Bernard Madoff appears to have operated a Ponzi scheme, in which money from new investors was used to pay off those who got in earlier. But there are other, perfectly legitimate financial endeavors that share this same basic model.
The most obvious is Social Security (and James Pethokoukis has already nominated Madoff for Social Security Commissioner). Today's taxpayers contribute money that is funneled to today's Social Security recipients, and hope that tomorrow's taxpayers will put in enough money to fund their retirements. Something similar is true of government finance in general: Those who buy Treasury securities and municipal bonds do so on the assumption that future taxpayers (and bond investors) will keep pouring in enough money to allow governments to make good on their commitments.
This applies not just to government finance. Wall Street too depends on a continual stream of new investors appearing on the scene to take securities off the hands of today's investors. And when everybody tries to take their money back at once, the system stops functioning—as we've seen over the past few months.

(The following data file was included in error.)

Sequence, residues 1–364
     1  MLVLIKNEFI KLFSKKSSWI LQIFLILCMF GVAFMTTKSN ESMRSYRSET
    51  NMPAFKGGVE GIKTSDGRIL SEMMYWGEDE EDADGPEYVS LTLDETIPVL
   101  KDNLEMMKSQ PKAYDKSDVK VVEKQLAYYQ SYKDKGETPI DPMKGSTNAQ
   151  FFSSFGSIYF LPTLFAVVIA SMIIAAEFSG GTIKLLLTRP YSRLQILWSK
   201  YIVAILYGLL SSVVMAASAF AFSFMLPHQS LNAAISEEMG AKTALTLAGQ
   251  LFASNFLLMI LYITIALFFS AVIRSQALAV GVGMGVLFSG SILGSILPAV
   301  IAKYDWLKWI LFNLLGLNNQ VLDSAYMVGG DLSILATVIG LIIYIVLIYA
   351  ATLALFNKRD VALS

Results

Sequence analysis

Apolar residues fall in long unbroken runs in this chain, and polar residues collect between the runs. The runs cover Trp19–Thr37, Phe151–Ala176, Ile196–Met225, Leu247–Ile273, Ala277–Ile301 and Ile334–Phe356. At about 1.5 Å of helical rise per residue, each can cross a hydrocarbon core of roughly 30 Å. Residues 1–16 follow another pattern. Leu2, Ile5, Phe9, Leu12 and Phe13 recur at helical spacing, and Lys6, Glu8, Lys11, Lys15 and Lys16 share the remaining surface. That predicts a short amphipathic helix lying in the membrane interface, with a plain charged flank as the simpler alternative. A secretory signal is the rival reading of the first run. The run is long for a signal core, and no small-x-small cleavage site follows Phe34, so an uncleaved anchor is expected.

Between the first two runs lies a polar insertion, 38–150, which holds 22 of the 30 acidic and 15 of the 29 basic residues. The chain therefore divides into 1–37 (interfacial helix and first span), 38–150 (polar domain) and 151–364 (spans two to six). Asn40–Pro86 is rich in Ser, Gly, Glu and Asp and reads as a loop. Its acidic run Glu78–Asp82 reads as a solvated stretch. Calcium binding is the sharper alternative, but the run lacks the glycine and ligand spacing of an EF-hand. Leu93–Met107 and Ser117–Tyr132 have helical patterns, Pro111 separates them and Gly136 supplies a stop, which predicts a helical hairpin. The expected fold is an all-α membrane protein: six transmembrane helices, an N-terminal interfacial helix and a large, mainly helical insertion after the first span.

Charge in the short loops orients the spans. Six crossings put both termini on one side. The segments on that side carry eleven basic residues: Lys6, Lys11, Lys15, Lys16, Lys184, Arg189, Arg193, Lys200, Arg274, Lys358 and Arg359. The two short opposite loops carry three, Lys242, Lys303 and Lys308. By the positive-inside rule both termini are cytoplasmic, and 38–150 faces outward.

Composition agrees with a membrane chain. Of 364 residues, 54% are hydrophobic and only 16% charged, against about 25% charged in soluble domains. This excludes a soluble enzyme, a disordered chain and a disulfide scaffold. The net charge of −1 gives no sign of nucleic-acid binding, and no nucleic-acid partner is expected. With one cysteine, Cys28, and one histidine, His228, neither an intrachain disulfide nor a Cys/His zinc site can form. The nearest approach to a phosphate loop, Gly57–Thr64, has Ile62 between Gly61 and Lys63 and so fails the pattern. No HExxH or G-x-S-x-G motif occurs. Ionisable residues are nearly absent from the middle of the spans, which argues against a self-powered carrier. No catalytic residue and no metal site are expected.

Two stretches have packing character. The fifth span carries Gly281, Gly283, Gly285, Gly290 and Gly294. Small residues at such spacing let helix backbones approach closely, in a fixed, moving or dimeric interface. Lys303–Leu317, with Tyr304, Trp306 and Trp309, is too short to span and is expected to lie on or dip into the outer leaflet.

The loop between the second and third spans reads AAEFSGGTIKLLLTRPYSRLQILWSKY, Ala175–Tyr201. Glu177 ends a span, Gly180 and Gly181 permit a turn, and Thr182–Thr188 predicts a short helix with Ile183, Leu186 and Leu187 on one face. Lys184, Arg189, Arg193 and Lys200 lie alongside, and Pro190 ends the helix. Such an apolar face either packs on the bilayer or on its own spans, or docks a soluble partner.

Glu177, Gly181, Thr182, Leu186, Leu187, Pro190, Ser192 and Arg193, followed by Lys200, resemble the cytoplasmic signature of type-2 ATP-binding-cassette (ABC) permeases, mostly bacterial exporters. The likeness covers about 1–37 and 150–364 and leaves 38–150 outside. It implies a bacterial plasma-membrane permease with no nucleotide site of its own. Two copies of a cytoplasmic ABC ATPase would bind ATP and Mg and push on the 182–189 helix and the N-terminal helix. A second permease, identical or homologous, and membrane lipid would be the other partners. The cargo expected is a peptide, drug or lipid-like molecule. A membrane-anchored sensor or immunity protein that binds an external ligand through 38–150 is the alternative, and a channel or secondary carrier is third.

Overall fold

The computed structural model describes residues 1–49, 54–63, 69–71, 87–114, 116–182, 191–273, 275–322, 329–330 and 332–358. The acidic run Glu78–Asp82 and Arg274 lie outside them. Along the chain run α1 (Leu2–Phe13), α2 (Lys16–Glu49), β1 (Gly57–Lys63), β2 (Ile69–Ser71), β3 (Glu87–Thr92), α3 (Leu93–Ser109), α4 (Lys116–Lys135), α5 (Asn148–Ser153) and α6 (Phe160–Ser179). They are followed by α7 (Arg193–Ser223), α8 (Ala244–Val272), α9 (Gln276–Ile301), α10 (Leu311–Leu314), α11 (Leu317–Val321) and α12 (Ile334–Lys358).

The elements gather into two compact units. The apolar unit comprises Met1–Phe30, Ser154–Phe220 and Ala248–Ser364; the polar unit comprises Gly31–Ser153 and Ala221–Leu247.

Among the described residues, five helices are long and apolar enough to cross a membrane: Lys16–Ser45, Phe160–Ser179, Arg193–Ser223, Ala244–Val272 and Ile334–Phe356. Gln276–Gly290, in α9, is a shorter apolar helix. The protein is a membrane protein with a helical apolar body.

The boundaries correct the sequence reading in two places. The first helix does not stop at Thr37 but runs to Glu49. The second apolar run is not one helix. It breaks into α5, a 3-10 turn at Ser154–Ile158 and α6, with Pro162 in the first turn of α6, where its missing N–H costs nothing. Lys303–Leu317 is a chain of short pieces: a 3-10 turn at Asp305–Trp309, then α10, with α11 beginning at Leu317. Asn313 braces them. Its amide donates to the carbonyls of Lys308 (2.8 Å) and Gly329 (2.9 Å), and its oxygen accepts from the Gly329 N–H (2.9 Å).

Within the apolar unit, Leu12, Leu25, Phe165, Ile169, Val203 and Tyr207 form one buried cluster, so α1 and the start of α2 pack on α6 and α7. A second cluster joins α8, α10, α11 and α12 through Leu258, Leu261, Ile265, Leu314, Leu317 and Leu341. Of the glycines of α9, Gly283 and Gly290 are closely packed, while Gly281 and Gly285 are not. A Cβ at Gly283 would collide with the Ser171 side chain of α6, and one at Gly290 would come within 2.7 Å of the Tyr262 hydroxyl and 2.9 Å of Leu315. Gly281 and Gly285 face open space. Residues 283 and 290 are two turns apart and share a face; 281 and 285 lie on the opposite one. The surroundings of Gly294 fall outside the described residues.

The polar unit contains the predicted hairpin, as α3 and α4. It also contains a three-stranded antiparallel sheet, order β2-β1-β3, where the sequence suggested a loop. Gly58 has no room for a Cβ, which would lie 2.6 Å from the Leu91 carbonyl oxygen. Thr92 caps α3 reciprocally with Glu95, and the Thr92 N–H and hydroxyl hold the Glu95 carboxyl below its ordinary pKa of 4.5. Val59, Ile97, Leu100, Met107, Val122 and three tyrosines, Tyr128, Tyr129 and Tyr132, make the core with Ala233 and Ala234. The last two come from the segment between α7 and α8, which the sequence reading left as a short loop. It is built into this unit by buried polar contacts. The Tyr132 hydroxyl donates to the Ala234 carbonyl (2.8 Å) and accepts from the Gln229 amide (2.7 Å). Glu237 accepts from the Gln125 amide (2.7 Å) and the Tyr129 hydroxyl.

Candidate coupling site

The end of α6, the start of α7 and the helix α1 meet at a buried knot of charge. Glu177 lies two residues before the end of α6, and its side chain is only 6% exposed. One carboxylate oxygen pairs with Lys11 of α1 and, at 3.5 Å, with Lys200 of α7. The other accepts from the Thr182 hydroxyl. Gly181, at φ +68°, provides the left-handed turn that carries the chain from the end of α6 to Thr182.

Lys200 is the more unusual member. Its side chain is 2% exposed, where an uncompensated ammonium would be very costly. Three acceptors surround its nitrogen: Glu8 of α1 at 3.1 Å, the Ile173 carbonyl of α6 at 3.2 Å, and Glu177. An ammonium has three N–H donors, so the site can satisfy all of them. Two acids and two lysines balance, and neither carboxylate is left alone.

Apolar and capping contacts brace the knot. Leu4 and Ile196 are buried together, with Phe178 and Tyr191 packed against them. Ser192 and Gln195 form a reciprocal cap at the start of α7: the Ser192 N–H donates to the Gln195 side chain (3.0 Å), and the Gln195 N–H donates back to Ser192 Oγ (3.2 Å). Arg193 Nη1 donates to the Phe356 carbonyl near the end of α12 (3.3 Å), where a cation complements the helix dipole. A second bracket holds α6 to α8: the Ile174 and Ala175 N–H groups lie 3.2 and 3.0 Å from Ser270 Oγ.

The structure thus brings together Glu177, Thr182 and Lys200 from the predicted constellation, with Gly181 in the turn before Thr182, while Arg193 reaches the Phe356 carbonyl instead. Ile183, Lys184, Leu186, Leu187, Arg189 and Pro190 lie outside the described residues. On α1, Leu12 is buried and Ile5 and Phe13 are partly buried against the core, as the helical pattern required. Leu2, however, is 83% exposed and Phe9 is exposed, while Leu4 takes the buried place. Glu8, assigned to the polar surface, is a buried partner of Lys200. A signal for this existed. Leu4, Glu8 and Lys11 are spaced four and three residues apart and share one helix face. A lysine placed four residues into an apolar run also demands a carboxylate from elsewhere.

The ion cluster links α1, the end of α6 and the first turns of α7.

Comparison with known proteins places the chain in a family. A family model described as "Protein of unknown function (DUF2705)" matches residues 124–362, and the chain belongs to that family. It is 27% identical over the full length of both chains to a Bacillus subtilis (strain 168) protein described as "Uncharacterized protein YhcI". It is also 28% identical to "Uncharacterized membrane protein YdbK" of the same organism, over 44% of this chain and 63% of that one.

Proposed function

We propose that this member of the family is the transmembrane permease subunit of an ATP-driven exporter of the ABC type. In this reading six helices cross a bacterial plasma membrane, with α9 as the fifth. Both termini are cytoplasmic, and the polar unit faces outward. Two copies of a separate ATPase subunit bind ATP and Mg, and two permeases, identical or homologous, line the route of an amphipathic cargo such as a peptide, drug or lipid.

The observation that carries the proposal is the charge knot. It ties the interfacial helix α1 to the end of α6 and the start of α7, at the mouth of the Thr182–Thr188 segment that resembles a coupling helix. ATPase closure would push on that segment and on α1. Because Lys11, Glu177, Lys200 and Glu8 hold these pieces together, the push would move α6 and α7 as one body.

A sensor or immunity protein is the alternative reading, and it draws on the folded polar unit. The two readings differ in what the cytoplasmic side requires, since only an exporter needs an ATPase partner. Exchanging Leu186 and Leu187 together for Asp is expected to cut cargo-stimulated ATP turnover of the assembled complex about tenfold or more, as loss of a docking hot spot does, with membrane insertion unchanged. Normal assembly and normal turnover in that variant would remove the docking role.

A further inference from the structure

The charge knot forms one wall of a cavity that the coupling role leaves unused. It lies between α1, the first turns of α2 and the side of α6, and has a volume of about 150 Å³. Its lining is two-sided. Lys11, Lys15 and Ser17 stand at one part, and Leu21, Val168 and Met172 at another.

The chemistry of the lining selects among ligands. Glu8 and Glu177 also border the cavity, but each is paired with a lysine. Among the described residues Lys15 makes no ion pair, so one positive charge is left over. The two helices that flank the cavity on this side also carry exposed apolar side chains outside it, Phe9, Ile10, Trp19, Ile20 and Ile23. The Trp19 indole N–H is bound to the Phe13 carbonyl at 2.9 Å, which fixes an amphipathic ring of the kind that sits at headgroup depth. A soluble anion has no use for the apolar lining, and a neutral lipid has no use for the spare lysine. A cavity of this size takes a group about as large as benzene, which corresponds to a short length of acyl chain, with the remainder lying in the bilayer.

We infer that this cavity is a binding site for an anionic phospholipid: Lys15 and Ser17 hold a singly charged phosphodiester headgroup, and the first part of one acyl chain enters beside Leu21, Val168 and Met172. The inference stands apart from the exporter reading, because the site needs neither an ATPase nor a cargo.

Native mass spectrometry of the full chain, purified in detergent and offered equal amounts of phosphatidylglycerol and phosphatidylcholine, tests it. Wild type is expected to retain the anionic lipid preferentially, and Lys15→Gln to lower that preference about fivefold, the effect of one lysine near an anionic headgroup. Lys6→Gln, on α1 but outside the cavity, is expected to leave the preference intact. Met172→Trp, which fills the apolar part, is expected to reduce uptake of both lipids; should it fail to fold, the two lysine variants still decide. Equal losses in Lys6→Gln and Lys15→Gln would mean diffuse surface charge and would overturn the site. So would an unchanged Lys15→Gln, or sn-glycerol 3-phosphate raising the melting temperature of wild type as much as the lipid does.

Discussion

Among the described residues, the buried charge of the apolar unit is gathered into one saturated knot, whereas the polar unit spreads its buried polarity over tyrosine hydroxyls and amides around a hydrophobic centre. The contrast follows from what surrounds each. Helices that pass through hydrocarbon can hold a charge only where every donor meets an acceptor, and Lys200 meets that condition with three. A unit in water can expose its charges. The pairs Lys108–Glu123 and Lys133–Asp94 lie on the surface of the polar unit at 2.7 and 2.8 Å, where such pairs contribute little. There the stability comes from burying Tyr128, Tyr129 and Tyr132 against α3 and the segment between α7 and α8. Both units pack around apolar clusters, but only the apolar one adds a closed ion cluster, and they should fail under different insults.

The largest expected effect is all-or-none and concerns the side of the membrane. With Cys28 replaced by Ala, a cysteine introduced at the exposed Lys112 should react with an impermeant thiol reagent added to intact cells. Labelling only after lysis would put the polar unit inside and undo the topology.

So what's the difference between these widely accepted arrangements and the reviled Ponzi scheme? Well, one is that the government can compel future taxpayers to contribute more if things aren't working out so well—which has happened repeatedly with Social Security. But there are limits to this approach. Raise taxes high enough and either the economy suffers or taxpayers find ways to avoid paying—or both.
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